I’ve never been big on clubs.  Much like most singles, I visited the local spot with my homies, held up a corner of the bar or a table until I could no longer shun the advances of men I had absolutely no interest in talking to beyond that night. I could usually resist having to dance with them through engaging in conversation, but in those moments when I ventured out onto the dance floor, my tried and true two-step was an acceptable substitute to the slow drag.  On those rare (and I do mean rare) occasions when someone with potential approached me, I floundered through small talk until we exchanged numbers and went on our merry ways for the night. 

Enter the new age of online dating.  I don’t know how this way of choosing a boo became so popular but it’s here and nearly 50 million people have found themselves ebbing and flowing within its tides, including me.  Most days it can be interesting, funny, even weird.  In fact, it’s easily one of the most quickly misconstrued, awkward, and glorious ways of dating ever created.  I’m smack dab in the middle of it.  Very regularly. With no regrets.   

Aside from the excitement of the automatic attention (and I’m talking from real potentials, not hookie-doo with the gold tooth), there are of course, pros and cons to this dating phenomenon.  The ultimate pro being the possibility of finding long lasting, amazing, love.  The cons on the other hand, grow by the day—and they never cease to amaze me.   

First, there are so many sites to choose from.  Based on interests, much like the days of being in the club, there is a site designated for everyone: people of color, Christian, gay, straight, young, mature, farmers, shoot, I think I even saw a site for clowns once—and that was actually pretty scary.  Point is, it doesn’t matter if the interest is widely popular or seemingly pin-pointed, there are groups dedicated to the same inklings, with the hopes of finding a match amongst themselves.  If I’ve learned anything through the online dating craze, I’d say it gets easier to sift out fakers.  And I’ve come up with a few good pointers…want to hear ‘em? Here they go:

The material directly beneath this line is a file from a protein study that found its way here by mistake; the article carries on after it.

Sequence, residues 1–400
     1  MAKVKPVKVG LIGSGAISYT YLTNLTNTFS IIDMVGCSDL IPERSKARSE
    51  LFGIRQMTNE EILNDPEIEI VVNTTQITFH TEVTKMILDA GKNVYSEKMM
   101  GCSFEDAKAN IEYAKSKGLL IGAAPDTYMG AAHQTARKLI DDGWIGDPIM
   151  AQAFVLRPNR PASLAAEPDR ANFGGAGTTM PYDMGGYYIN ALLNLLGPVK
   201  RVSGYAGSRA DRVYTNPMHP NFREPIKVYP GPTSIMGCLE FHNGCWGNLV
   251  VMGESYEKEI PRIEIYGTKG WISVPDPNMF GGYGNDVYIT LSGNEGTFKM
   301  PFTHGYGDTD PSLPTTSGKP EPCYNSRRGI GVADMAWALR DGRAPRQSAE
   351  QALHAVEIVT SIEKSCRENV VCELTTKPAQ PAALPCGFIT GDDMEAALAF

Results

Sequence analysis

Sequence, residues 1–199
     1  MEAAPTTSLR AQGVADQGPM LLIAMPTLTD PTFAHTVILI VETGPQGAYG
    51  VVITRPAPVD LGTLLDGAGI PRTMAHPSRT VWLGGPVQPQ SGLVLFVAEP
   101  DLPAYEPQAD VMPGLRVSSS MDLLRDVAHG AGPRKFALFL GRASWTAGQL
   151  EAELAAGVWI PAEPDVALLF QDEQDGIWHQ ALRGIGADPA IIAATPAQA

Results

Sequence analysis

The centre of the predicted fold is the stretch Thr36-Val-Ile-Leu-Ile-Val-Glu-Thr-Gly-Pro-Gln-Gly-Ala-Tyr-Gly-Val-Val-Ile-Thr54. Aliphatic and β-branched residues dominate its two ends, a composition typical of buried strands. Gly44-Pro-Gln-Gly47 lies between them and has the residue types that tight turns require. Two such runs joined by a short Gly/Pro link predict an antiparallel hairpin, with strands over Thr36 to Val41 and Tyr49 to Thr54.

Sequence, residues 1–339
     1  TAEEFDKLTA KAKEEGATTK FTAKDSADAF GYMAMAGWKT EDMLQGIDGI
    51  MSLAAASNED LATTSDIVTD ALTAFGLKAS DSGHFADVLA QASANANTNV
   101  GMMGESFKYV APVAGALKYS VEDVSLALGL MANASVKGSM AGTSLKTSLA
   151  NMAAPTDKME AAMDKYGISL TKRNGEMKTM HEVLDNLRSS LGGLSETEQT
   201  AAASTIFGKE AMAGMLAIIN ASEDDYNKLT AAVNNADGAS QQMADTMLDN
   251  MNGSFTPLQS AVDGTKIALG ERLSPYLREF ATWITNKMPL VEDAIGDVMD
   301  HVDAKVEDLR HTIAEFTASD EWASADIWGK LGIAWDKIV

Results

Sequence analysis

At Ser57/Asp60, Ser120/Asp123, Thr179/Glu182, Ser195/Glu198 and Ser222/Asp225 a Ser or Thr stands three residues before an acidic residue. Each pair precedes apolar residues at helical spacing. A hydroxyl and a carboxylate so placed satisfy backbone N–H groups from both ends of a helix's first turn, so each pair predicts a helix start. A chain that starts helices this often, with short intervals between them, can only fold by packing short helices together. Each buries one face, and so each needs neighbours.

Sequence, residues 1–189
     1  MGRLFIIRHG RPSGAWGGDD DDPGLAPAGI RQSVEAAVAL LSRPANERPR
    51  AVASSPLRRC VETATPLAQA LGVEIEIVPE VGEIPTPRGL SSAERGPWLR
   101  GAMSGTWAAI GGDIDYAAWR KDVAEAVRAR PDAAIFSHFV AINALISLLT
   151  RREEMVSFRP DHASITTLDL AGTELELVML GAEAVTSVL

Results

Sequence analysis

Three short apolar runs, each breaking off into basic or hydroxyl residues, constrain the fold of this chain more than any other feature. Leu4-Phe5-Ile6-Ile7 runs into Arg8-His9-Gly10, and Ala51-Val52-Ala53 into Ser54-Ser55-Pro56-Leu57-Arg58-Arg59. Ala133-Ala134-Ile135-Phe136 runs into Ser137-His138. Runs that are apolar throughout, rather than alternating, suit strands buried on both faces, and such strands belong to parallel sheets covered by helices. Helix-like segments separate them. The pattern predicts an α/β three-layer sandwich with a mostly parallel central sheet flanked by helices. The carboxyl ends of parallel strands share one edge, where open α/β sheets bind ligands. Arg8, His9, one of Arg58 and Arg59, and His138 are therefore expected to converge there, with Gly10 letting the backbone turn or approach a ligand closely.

Profile information—there’s a fine line between piquing someone’s interest and sending them running for the hills.  A nice intro paragraph strikes a balance between showing an honest, yet mysterious side, enough to start and keep a conversation going.  The accompanying pictures (yes, there should definitely be more than one pic) needs to be a mixture—one close up with a nice smile (preferably with a little teeth), one on location (maybe an easily recognizable vacation spot?), one in clothing that looks fantastic, and a full body shot.  Extra points for at least one action picture like running a race, horseback riding, or rock climbing. HA!  Pictures NOT to include: those with other people or kids, pictures with b*tchy resting face or at the club with drinks in hand.  On the flip side, when looking through others’ profiles—don’t take anyone seriously who doesn’t smile in ANY of their pics, always posts selfies from the bathroom or their car, or the shot is so far away a clear view of their face can’t be seen. 

Connecting—take as much time as needed solidifying initial connections in order to feel comfortable.  If the conversation is flowing and taking it offline feels like a natural next step, go for it.  If not, wait until the time is right.  Don’t feel obligated to move to phone conversation or even a face to face meeting unless chemistry is present.  Don’t be rushed because the person pursuing asked right away (some will ask in the introduction).  Some people exchange numbers within days, even hours, while others take a few weeks—again, go at the pace the works for the situation.  Opposite: don’t be afraid to stop a conversation immediately if it’s going in an uncomfortable direction.  The beautiful thing about phones—they can block people.  I’ve stopped someone mid-sentence before and hung up with no second thoughts.